Augmentation

Augmentation is a transformation step in Statamic 3’s data layer which establishes a connection between your front-end and the blueprints defining your content model.

What is Augmentation?

Augmentation lets Statamic convert one simple thing into a more complicated thing. If you’re familiar with Laravel, you can think of it like a toArray() method converting something into a different representation of itself. However, Augmentation does this in a more on-demand way to prevent extra overhead where possible.

There are two “augmentable” things: Field values, and objects.

Field Values

A field defined in a Blueprint will have a fieldtype associated with it. The raw value of the field can be converted by its fieldtype. This is packaged together inside a Value object.

For example, an entries fieldtype will save an array of IDs. Simple strings. The fieldtype will know how to convert those IDs into Entry objects.

Objects

Classes like Entry, Asset, and User are Augmentables, which means they’re able to convert themselves to a bunch of usable values. Similar to the toArray method.

For example, a Statamic Asset may have a path and some alt text. However it also has the ability to check the file size, dimensions, timestamp, and so on.

Where do items get augmented?

The two main areas where augmentation is leveraged is in Antlers templates, and the API.

Antlers Templates

Antlers templates handle Augmentable and Value classes.

  • When it encounters an Augmentable object, it will convert it to its Augmented counterpart. (Which is filled with Value classes)
  • When it encounters a Value object, it will know when to augment it.

For example, when you visit an entry’s URL, its values are provided to the template as Value objects. None of the values have been augmented yet. It will only happen if/when the variable is used in the template.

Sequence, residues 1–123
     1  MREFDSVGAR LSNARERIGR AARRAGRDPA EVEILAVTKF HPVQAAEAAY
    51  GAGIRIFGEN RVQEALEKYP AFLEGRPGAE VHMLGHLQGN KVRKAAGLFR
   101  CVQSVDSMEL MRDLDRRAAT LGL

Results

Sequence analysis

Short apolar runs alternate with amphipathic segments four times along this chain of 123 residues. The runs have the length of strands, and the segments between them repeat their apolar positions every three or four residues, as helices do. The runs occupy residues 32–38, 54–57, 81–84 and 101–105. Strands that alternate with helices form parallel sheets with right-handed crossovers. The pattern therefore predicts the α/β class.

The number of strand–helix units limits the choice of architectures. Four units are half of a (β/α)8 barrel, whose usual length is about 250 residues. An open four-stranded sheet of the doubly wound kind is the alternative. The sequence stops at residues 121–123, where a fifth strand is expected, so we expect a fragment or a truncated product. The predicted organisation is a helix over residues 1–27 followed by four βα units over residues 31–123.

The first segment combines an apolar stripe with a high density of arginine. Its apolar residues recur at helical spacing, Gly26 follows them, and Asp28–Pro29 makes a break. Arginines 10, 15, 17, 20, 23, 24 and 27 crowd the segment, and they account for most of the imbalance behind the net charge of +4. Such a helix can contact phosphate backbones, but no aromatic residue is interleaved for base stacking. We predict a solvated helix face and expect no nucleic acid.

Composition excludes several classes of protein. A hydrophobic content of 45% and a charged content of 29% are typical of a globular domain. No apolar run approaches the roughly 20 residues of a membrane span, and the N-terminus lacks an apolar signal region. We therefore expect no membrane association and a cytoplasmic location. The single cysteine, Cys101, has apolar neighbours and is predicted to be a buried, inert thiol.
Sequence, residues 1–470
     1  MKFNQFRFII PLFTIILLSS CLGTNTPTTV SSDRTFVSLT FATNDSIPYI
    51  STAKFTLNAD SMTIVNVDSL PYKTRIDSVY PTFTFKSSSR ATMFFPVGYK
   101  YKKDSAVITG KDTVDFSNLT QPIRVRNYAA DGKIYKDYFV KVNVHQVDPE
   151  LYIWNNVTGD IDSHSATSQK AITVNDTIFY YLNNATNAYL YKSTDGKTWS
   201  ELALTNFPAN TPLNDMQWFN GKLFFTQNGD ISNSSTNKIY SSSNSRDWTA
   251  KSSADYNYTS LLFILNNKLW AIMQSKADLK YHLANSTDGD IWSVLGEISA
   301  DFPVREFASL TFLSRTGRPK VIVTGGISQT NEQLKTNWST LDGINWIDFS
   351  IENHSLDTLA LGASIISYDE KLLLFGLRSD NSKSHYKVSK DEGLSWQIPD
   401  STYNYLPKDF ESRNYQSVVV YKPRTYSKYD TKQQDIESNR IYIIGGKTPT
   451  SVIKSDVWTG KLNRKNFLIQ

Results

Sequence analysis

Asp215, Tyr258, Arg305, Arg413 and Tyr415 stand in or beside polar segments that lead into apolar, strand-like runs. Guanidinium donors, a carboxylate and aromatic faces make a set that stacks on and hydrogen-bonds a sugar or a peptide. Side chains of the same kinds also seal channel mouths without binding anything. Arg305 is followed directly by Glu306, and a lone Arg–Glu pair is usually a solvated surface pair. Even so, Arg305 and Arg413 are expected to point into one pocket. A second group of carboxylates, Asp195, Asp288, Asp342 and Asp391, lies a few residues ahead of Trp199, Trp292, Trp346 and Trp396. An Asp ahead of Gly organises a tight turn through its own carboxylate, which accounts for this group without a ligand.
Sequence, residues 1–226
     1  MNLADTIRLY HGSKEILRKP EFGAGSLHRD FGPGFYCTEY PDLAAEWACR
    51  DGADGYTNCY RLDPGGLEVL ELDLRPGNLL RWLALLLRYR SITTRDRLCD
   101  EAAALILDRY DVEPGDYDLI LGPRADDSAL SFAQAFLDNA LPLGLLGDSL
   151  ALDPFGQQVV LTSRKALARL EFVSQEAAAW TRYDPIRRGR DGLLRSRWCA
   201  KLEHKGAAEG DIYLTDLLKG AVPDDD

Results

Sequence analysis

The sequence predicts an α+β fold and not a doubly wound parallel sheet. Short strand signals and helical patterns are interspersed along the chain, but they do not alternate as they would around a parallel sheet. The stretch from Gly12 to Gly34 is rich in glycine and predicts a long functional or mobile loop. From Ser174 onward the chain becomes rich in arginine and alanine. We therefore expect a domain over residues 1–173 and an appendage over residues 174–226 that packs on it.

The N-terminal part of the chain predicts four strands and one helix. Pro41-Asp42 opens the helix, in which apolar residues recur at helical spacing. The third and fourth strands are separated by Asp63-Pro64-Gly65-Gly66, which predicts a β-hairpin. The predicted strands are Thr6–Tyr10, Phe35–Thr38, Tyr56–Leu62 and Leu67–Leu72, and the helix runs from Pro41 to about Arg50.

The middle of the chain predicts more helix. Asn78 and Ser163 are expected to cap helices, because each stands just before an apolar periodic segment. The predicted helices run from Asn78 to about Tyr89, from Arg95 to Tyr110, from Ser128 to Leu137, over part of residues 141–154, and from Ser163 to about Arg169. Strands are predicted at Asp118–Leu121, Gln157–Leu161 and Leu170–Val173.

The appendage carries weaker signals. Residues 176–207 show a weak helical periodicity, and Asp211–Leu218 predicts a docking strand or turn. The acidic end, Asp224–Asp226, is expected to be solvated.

REST API

Similar to Antlers templates, when viewing an item via the API, you will see its augmented version.

For example, when viewing an Asset, you will get all the extras like filesize, dimensions, etc.

// /api/endpoint/asset/foo.jpg
{
    "path": "foo.jpg",
    "alt": "a thing",
    "width": 600,
    "height": 400
}

If you use the fields filtering feature of the API, only the corresponding items will be fetched. Here, the width and height will never need to be evaluated at all.

// /api/endpoint/asset/foo.jpg?fields=path,alt
{
    "path": "foo.jpg",
    "alt": "a thing"
}

Value

As mentioned earlier, the Statamic\Field\Value class wraps up field’s raw value and the fieldtype that defines it. It will allow the fieldtype to “augment” the value lazily, allowing the performance overhead to happen only when necessary.

An entries field will happily send around a lightweight array of ID strings. It will only try to convert those IDs to entries when it’s the right time. No sense in performing unnecessary queries.

The value method is used to get the augmented value via the fieldtype. It’ll be used under the hood when casting to a string or array. The raw method will get the un-augmented value.

$markdown = new Value('# Heading', 'content', $markdownFieldtype);
$markdown->value();   // '<h1>Heading</h1>'
(string) $markdown;   // '<h1>Heading</h1>'
$markdown->raw();     // '# Heading'
$posts = new Value(['1', '2'], 'posts', $entriesFieldtype);
$posts->value();   // [Entry(1), Entry(2)]
$posts->raw();     // ['1', '2']

foreach ($posts as $entry) {
    // Entry(1), Entry(2)
}

Augmentable

An augmentable object lets Statamic know that it could potentially have more data available to it than at first glance.

For example, a Statamic Asset may have a path and some alt text. However it also has the ability to check the file size, dimensions, timestamp, and so on. All of these things can be lazy-loadable too. You can imagine the wasted overhead involved in checking for all those things for them to never be used.

A class may be marked as “augmentable” by implementing the Augmentable interface.

use Statamic\Contracts\Data\Augmentable;

class Product implements Augmentable
{
    //
}

Rather than manually implementing all of Augmentable’s methods, we provide two traits, depending on how you plan to work.

For simple classes, you can use the HasAugmentedData trait.

use Statamic\Contracts\Data\Augmentable;
use Statamic\Data\HasAugmentedData;

class Product implements Augmentable
{
    use HasAugmentedData;

    public function augmentedArrayData()
    {
        return [
            'title' => $this->title,
            'price' => $this->price,
        ];
    }
}